Quiz about Object.Equals()

I posted a quiz about C# equality here. It focused on equality via operator== and had questions like “what does this evaluate to: ((float) (int) x == (int) (float) x)”.


The key takeaway from the quiz was that after you account for reference vs. value equality, temporary objects, and conversions, it’s not always obvious when two things are equal or not. (As of the time of this writing, 3/12/05, I haven’t gotten one correct answer to that quiz) It turns out that operator== would return false when one may innocently  expect it to return true.


The CLR has Object.Equals() to try and simplify this. Collection classes that store System.Object instances are encouraged to use Object.Equals instead of operator== to avoid the pitfalls demonstrated in the last quiz.


So here’s a followup quiz. These are the same questions in the last quiz, but using Object.Equals() instead of operator==.

Given that x is a local C# variable of type ‘int,  are the following C# expressions true or false? (Assume an unchecked context)


  1. ( x ).Equals( x  )
  2. ( (object) x ).Equals( (object) x  )
  3. ( (System.Object) x ).Equals( (System.Object) x )
  4. ( (int) (object) x ).Equals( (int) (object) x  )
  5. ( (float) x ).Equals( (float) x  )
  6. ( (int) x ).Equals( (int) x )
  7. ( (int) x ).Equals( (float) x  )
  8. ( (float) (int) x ).Equals( (int) (float) x  )
  9. ( (System.Int32) x ).Equals( (System.Int32) x  )
  10. ( x.ToString() ).Equals( x.ToString() )
  11. ( (object) x.ToString() ).Equals( (object) x.ToString()  )


I’ll post the answers later.

(Update: What I thought was a potential CLR bug appears to be a C# compiler difference between the V1.0 and V2.0 CLR. Following up... )


Comments (5)

  1. Austin says:

    1. ( x ).Equals( x )

    True, overrides Object.Equals, and does a value comparion.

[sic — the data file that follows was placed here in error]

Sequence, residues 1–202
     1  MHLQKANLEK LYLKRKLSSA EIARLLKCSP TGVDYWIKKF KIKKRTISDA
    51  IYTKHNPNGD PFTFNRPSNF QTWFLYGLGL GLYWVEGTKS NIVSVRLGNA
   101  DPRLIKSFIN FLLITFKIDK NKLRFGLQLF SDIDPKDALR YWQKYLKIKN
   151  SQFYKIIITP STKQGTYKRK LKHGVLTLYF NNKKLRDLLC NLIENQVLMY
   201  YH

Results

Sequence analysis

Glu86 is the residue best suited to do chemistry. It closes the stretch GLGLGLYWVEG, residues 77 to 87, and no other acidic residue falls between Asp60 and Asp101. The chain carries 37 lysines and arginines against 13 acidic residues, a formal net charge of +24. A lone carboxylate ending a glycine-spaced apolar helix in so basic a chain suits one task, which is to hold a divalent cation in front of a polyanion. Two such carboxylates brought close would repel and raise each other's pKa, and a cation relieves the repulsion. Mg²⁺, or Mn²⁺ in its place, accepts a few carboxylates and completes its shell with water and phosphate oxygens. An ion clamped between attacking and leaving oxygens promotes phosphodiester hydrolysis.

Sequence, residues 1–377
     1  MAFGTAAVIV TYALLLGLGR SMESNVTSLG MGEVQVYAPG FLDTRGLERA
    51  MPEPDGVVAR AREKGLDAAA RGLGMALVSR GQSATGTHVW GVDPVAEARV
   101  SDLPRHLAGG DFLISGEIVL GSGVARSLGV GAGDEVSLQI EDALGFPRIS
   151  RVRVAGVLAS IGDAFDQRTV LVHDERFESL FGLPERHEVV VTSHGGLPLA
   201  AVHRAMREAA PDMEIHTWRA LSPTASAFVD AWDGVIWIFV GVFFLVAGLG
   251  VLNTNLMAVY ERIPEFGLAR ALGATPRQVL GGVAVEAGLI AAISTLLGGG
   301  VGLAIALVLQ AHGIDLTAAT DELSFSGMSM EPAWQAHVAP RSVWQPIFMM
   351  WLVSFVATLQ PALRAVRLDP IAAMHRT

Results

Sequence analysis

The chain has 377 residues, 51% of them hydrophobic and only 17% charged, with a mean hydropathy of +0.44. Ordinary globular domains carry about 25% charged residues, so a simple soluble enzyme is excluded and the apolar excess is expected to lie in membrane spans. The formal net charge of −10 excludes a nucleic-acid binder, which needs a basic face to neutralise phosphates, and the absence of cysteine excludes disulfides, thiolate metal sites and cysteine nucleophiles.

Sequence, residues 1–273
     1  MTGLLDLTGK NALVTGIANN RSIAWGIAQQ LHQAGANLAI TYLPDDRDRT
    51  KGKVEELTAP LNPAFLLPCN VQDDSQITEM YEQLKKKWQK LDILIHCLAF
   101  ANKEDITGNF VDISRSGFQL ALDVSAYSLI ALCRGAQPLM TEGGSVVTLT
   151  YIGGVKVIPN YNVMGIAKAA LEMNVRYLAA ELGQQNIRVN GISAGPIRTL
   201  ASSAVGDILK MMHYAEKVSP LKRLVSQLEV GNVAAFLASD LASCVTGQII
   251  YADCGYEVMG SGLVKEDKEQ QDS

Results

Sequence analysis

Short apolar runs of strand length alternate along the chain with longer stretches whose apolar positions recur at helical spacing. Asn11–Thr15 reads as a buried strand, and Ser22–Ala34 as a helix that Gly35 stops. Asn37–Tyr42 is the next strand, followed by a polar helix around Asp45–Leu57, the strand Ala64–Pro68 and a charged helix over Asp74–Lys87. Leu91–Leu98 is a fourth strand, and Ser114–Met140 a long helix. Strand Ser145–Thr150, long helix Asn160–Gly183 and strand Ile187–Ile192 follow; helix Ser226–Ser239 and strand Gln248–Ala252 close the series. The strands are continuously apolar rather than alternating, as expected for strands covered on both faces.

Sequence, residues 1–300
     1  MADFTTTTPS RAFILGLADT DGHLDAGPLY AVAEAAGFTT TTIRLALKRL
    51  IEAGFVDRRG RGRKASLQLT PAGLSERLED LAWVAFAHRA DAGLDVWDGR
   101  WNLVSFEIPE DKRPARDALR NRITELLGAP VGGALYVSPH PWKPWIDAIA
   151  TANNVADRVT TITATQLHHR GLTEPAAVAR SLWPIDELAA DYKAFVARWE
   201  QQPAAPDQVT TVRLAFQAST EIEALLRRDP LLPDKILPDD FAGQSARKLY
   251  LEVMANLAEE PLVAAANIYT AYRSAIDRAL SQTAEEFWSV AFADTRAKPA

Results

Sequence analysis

2. ( (object) x ).Equals( (object) x )

    True, it calls Int32.Equals

    3. ( (System.Object) x ).Equals( (System.Object) x )

    True. Same as 2.

    4. ( (int) (object) x ).Equals( (int) (object) x )

    True. Box>Unbox> 1.

    5. ( (float) x ).Equals( (float) x )

    True. Precision is same for local variables.

    6. ( (int) x ).Equals( (int) x )

    True. Useless, x is already an int.

    7. ( (int) x ).Equals( (float) x )

    False. float cannot always preserve every digit.

    8. ( (float) (int) x ).Equals( (int) (float) x )

    True. Any precision lost is lost in both parts.

    9. ( (System.Int32) x ).Equals( (System.Int32) x )

    True. Same as 6.

    10. ( x.ToString() ).Equals( x.ToString() )

    True. String.Equals does a value comparison.

    11. ( (object) x.ToString() ).Equals( (object) x.ToString() )

    True. Object.Equals is virtual, so String.Equals will be called.

  2. Mike says:

    Austin – You’re very close! I think you have 1 wrong answer, and 1 correct answer but with the wrong reasoning. I’ll post the answers in a bit.

  3. In the above change #7 and #8

    #7 False but the reason is that that after boxing (float) x will preserve it’s type (i.e. "boxed float") and therefore Equal will return false

    #8 False. The explanation is reverse of #7

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